The control unit may be arranged to control the current sources such that a two-part compensation process is performed. PFD compensation and DAC compensation may be performed separately (e.g. consecutively). The first group of current sources may first be controlled to generate a current dependent on a signal received from the first control unit. A predetermined time after the VCO clock, the second group of current sources may be controlled to generate a current in dependence on the signal received from the second control unit. These two current generation processes may be non-overlapping in time. However, as the first and second control units function independently, it may be that two forms of compensation can overlap in time even when the same charge pump is used provided that different current sources are used for each form of compensation.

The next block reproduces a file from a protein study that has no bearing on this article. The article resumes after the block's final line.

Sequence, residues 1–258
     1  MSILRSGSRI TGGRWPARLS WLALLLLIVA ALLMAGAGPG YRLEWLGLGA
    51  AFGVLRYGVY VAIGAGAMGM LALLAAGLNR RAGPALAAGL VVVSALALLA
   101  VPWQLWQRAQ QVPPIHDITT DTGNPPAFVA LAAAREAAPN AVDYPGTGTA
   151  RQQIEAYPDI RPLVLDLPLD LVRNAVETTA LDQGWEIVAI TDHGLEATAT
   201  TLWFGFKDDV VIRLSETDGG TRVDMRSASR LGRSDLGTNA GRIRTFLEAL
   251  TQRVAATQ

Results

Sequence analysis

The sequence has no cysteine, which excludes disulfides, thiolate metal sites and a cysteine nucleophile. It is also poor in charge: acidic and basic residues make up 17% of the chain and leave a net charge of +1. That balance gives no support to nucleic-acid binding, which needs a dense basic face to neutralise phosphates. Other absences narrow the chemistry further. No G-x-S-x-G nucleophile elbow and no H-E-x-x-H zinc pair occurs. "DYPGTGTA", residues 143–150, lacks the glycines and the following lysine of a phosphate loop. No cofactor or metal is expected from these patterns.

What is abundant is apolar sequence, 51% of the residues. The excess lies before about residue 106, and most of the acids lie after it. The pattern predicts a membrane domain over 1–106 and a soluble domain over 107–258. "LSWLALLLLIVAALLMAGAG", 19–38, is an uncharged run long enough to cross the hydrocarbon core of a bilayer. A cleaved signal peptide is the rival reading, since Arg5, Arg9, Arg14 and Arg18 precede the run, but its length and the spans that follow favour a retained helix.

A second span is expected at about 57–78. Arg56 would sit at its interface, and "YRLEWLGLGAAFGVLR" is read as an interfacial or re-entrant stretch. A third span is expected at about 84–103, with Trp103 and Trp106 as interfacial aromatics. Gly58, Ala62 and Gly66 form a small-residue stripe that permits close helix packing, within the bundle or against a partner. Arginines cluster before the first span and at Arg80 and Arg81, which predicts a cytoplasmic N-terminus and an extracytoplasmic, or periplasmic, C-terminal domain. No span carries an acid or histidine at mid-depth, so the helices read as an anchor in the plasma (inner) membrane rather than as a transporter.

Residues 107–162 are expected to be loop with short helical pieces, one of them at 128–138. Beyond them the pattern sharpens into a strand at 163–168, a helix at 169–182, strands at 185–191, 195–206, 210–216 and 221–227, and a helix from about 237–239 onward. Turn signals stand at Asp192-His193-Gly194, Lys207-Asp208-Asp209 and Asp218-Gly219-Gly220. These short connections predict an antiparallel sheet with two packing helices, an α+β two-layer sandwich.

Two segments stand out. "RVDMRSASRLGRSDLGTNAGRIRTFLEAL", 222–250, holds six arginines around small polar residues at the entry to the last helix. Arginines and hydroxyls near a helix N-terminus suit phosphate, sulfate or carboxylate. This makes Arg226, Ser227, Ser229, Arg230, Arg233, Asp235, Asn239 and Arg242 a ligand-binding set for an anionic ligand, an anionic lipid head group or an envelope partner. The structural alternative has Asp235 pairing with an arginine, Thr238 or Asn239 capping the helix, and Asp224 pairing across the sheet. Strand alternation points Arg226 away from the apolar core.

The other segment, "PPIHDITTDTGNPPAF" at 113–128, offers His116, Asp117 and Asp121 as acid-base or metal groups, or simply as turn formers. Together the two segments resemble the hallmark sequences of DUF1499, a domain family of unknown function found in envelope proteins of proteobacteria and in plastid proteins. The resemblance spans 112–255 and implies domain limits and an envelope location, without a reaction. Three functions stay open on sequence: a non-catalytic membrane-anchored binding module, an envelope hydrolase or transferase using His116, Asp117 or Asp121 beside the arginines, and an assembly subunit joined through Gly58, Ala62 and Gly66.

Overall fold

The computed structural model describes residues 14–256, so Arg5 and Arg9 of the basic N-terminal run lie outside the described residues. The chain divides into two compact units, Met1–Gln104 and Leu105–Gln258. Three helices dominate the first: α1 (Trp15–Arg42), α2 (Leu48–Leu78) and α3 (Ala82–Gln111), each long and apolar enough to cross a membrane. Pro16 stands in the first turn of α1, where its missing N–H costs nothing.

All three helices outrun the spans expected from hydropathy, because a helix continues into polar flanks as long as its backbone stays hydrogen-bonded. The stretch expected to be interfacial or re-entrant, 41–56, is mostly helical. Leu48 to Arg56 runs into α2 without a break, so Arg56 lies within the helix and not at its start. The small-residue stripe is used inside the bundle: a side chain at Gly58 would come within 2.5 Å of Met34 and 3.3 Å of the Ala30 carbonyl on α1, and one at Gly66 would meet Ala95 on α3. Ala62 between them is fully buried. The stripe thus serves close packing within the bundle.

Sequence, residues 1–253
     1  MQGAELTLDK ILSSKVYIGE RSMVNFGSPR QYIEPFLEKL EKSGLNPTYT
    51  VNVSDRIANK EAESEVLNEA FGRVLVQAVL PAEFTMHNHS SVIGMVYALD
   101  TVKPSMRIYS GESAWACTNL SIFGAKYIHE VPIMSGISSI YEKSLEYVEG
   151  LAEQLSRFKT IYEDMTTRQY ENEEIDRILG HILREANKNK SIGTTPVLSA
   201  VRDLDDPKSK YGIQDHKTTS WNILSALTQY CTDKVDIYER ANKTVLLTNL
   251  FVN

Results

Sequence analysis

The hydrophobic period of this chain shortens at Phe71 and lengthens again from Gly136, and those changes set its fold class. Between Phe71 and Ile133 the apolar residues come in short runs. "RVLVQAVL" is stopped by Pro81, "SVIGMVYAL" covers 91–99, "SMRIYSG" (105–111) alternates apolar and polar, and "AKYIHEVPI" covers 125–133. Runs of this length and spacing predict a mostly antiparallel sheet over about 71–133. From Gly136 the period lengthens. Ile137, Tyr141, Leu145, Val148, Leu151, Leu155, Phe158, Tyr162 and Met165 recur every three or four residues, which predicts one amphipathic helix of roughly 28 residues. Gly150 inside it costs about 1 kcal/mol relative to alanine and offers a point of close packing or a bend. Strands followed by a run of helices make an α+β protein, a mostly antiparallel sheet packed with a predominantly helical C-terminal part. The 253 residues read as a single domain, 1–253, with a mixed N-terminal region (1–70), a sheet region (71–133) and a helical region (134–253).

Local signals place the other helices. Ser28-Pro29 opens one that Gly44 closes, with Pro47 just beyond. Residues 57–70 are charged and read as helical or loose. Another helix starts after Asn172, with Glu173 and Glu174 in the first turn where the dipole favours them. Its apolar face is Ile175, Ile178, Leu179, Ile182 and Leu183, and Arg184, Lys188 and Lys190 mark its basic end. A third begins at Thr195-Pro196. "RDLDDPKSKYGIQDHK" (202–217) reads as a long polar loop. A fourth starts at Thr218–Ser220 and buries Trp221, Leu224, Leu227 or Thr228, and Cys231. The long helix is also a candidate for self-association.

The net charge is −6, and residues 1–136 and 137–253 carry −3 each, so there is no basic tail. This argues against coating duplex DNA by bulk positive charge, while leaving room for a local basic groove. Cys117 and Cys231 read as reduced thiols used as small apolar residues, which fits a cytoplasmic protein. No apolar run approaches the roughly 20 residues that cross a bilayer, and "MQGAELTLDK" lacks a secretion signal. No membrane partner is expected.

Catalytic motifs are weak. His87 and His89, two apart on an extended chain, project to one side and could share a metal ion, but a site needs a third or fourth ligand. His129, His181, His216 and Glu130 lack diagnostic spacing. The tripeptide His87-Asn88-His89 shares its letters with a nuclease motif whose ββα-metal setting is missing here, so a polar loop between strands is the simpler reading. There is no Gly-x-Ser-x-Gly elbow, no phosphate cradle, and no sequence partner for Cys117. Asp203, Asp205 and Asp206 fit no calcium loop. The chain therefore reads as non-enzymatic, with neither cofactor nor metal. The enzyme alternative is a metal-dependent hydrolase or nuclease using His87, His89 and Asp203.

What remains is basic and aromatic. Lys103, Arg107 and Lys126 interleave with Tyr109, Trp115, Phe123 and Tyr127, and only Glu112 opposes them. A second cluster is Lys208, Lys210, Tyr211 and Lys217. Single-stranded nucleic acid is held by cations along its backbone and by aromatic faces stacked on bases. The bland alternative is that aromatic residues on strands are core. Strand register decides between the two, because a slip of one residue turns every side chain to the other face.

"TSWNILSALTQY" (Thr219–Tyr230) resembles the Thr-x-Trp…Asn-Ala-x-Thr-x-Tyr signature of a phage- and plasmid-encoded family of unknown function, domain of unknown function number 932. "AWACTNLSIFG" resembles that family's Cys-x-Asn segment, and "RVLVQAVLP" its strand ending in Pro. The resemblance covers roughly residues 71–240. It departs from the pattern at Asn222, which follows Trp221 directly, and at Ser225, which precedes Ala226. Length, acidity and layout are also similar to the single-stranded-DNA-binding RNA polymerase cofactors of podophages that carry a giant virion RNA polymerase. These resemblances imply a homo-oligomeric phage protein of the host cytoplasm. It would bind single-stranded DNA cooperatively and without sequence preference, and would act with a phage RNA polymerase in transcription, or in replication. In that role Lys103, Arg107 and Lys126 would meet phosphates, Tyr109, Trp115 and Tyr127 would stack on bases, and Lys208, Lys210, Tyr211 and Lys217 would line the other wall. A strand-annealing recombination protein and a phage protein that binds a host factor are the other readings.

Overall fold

The control means may control the current sources to generate the required currents during a first time period. During this first time period, the currents generated by the individual current sources are received by the summation unit. During the second time period, the summation unit forms an output current that is dependent on the currents it received during the first time period.

Typically, PFD compensation may be performed by generating current pulses of predetermined value but variable duration. Therefore, the control unit may be arranged to perform PFD compensation by controlling a predetermined or fixed number of the current sources (e.g. all of the current sources in the first or second group) to generate a current for a length of time that is dependent on the signal received from the phase-frequency detector.